Dr. Claude Renaud, an expert on lampreys, set off in early September on a week-long collecting expedition in New York State. His goal? Collect specimens of the American Brook Lamprey, from areas where the species may have first been identified almost 170 years ago. Read more to see if his quest was successful.
For the past few years, I have been working on determining the number of species in the lamprey genus Lethenteron and establishing their evolutionary relationships. This genus is distributed over much of northern North America and Eurasia.
In 2012, with the help of Dr. Alexander Naseka of the Institute of Zoology, Russian Academy of Sciences in St. Petersburg and Noel Alfonso, a museum colleague, we collected two species from the Northwest Territories: the Alaskan Brook Lamprey, (Lethenteron alaskense) and the Arctic Lamprey (Lethenteron camtschaticum).
In order to complete the North American coverage of the genus, I needed to collect one more species: the American Brook Lamprey (Lethenteron appendix), described by James DeKay in 1842. In a taxonomic study, a scientist ideally examines material of a species from its type locality (i.e., the place from which the species was originally described) in order to compare it with other species.
While the Canadian Museum of Nature possesses thousands of specimens of American Brook lamprey, mostly from the Great Lakes region and the St. Lawrence River basin, we have none from the type locality, which DeKay generally gave as being the Hudson River in New York State. Now, the Hudson River is over 500-km long, so that’s a lot of river to cover!
Adding to the challenge is that DeKay did not mention whether he placed any of his lamprey specimens in a museum, nor could any be found in the museums along the east coast of the United States, where they would likely have been deposited (United States National Museum, Washington, DC; American Museum of Natural History, New York; New York State Museum, Albany). This meant that I needed to collect the material myself.
Consultation with Dr. Jeremy Wright, Curator of Fishes at the New York State Museum, as well as a search of the database of the New York State Department of Environmental Conservation indicated that the presence of American Brook Lamprey had been reported in only six tributaries to the Hudson River. These were distributed along a 250-km stretch of the Hudson between Troy in the north and the Bronx, New York City, in the south. The earliest collection made was in 1897 and the last reported was in 1979. In total, less than 50 individuals had been collected throughout the Hudson River basin during that time.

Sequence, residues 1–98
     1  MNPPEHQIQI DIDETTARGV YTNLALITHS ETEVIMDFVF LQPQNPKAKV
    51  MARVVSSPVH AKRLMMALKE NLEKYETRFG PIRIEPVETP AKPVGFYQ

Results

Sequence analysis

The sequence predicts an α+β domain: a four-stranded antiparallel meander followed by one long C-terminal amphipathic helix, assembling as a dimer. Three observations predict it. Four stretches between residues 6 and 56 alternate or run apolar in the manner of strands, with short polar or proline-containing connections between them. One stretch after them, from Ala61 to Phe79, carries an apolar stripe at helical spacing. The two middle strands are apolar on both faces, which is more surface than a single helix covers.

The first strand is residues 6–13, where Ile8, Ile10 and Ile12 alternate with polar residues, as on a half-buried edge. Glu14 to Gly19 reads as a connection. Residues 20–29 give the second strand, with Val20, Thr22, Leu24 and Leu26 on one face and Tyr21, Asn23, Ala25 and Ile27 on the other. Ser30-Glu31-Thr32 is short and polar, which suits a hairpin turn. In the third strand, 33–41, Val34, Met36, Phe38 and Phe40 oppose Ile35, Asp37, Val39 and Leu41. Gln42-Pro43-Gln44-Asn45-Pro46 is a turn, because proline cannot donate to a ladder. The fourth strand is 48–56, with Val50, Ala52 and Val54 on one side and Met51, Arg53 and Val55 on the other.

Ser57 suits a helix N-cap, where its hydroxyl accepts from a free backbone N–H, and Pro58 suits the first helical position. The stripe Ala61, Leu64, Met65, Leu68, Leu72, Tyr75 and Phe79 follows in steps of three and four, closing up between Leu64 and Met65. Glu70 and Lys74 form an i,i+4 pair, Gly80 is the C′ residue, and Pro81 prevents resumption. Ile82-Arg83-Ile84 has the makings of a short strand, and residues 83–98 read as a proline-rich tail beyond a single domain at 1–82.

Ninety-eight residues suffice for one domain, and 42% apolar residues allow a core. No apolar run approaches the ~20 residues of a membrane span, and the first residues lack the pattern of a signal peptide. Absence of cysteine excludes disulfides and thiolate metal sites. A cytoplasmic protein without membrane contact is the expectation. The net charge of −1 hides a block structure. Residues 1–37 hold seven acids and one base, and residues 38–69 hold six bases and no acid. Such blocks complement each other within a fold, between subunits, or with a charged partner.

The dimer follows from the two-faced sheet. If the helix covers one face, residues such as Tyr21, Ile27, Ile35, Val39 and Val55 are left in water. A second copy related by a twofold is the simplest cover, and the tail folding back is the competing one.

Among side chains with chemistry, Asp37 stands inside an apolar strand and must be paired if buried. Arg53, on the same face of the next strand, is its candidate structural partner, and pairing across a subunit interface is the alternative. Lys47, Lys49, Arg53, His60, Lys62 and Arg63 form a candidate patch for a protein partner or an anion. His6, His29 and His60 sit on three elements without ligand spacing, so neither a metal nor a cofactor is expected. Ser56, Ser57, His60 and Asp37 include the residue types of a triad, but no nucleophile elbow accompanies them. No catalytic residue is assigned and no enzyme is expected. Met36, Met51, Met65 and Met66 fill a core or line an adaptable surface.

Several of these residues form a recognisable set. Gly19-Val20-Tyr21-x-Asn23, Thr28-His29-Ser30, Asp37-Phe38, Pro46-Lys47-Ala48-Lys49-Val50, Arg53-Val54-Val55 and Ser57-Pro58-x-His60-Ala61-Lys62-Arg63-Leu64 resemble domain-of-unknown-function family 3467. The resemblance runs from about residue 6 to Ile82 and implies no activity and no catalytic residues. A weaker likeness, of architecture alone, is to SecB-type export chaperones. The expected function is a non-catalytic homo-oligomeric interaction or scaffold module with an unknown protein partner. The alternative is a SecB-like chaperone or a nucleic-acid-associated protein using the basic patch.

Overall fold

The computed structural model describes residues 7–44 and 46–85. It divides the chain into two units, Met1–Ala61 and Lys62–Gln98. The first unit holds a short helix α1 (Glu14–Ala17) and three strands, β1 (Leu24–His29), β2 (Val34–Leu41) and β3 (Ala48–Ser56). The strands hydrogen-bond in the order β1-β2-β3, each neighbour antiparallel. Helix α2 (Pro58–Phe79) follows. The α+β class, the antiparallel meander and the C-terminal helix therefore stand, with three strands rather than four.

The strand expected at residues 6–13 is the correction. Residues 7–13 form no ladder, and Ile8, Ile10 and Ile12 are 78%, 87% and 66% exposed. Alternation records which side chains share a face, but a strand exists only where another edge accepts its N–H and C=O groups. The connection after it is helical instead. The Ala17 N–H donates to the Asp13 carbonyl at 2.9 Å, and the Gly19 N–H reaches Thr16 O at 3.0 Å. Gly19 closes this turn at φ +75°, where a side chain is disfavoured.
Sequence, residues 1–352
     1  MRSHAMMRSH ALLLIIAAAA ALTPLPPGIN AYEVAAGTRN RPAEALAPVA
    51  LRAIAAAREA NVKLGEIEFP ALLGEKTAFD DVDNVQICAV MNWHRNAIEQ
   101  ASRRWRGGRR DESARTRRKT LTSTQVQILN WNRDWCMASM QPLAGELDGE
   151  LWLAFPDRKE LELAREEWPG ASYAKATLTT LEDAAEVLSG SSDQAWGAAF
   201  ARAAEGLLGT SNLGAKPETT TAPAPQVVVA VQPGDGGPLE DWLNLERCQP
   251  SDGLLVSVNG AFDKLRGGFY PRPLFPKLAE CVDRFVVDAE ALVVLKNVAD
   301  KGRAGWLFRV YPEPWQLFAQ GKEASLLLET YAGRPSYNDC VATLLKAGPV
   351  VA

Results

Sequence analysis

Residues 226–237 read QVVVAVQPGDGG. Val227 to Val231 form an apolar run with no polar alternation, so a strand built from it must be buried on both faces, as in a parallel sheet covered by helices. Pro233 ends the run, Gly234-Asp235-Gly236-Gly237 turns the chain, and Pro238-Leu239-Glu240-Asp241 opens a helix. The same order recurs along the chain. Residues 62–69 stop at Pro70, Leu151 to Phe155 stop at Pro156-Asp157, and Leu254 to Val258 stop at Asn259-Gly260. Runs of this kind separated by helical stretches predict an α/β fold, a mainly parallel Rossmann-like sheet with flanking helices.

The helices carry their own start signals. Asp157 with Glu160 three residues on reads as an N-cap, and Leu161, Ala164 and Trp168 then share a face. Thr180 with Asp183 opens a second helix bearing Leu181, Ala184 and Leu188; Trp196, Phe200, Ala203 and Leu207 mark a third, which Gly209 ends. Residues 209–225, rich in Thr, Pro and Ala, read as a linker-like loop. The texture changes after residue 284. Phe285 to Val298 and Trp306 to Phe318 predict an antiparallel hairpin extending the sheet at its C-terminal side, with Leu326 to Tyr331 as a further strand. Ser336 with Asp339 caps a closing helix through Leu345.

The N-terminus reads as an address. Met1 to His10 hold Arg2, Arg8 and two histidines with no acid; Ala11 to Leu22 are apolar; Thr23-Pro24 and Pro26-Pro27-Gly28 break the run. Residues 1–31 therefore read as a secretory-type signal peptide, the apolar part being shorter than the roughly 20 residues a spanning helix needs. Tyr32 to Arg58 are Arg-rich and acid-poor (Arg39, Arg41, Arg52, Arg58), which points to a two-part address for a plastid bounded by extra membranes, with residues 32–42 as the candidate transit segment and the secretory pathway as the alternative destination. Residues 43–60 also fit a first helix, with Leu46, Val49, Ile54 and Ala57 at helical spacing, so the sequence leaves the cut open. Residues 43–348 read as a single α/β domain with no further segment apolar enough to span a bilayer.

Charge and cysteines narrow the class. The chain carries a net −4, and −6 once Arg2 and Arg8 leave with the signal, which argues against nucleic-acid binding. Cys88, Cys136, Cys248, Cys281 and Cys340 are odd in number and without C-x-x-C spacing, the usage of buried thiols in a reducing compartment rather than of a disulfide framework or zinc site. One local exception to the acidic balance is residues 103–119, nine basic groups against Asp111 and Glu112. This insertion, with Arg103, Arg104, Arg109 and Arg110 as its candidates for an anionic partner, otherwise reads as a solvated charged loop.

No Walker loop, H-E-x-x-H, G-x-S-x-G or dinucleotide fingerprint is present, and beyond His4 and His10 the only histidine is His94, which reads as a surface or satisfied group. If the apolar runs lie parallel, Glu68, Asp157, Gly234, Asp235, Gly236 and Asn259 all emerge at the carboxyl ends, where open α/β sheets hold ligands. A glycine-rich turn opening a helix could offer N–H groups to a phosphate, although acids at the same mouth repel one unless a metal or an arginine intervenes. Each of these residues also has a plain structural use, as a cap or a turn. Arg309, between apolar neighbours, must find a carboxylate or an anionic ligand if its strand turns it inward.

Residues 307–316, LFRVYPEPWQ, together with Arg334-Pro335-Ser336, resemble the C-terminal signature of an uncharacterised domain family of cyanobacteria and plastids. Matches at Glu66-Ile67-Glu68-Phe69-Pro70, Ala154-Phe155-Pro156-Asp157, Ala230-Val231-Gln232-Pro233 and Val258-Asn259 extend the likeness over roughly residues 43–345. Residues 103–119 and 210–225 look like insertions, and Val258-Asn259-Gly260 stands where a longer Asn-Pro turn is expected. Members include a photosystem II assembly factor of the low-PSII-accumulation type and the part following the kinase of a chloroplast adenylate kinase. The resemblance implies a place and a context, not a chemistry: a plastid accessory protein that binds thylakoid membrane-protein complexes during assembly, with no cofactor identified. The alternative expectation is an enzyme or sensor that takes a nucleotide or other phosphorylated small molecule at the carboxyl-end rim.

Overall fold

So, we had our work cut out for us! Noel and I left Ottawa early on September 5 and arrived at our first stop that afternoon: the New York State Museum fish collection in Troy. I was able to examine six spawning adults of American Brook Lamprey and confirm that the species was present in Tibbetts Brook, the Bronx in 1903.
The following morning we visited our first locality to search for the species, a place called Moordener Kill. Apparently, American Brook Lamprey was collected at this locality only once, in 1934.
“Kill” derives from the Dutch word for riverbed or water channel, and reflects the early colonisation of New York State by Dutch settlers. “Moordener” is Dutch for murderer and the creek name commemorates the fact that nine Dutch settlers were killed there in 1643.
In the end, we didn’t even try to sample at that locality because the habitat was inappropriate (i.e., a deep ditch with no water movement rather than a gently-flowing stream with a silty-sandy bottom). I suspect that the conditions might have been very different 80 years ago. We tried at a couple of places further downstream, but very little suitable habitat could be found and no lampreys were seen.
Our next stop was Roeliff Jansen Kill where we met Dr. Bob Schmidt, recently retired from Bard College, New York State. Here we collected a dozen suitable lamprey larvae in about an hour. Unfortunately, field identication indicated that these were Sea Lamprey, Petromyzon marinus, and not American Brook Lamprey.
I will confirm this in our lab at the museum’s Natural Heritage Campus once the specimens are transferred from formalin to ethanol. Regardless of the final identification, it indicated to us that lampreys were present and that our technique worked.
What’s next? A future blog will reveal whether Claude and his team are successful in finding the American Brook Lamprey along the Hudson River.